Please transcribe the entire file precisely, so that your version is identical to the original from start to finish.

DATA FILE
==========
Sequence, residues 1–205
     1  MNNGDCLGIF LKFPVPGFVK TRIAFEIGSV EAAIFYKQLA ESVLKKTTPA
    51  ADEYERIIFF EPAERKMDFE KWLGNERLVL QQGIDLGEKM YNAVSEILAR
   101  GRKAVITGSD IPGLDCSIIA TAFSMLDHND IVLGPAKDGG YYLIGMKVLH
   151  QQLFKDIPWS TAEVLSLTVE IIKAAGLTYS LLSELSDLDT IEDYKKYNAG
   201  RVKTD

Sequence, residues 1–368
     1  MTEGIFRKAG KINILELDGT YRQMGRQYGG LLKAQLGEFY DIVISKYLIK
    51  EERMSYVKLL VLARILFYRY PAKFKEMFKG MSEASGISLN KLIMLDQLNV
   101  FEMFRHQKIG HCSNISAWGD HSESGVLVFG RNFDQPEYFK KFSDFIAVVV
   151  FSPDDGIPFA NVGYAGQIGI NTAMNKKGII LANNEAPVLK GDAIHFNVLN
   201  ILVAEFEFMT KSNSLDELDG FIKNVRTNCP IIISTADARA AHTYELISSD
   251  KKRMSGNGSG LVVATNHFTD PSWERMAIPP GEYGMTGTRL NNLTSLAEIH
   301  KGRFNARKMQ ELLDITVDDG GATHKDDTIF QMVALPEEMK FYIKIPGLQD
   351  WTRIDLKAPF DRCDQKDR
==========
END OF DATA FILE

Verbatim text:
Sequence, residues 1–205
     1  MNNGDCLGIF LKFPVPGFVK TRIAFEIGSV EAAIFYKQLA ESVLKKTTPA
    51  ADEYERIIFF EPAERKMDFE KWLGNERLVL QQGIDLGEKM YNAVSEILAR
   101  GRKAVITGSD IPGLDCSIIA TAFSMLDHND IVLGPAKDGG YYLIGMKVLH
   151  QQLFKDIPWS TAEVLSLTVE IIKAAGLTYS LLSELSDLDT IEDYKKYNAG
   201  RVKTD

Sequence, residues 1–368
     1  MTEGIFRKAG KINILELDGT YRQMGRQYGG LLKAQLGEFY DIVISKYLIK
    51  EERMSYVKLL VLARILFYRY PAKFKEMFKG MSEASGISLN KLIMLDQLNV
   101  FEMFRHQKIG HCSNISAWGD HSESGVLVFG RNFDQPEYFK KFSDFIAVVV
   151  FSPDDGIPFA NVGYAGQIGI NTAMNKKGII LANNEAPVLK GDAIHFNVLN
   201  ILVAEFEFMT KSNSLDELDG FIKNVRTNCP IIISTADARA AHTYELISSD
   251  KKRMSGNGSG LVVATNHFTD PSWERMAIPP GEYGMTGTRL NNLTSLAEIH
   301  KGRFNARKMQ ELLDITVDDG GATHKDDTIF QMVALPEEMK FYIKIPGLQD
   351  WTRIDLKAPF DRCDQKDR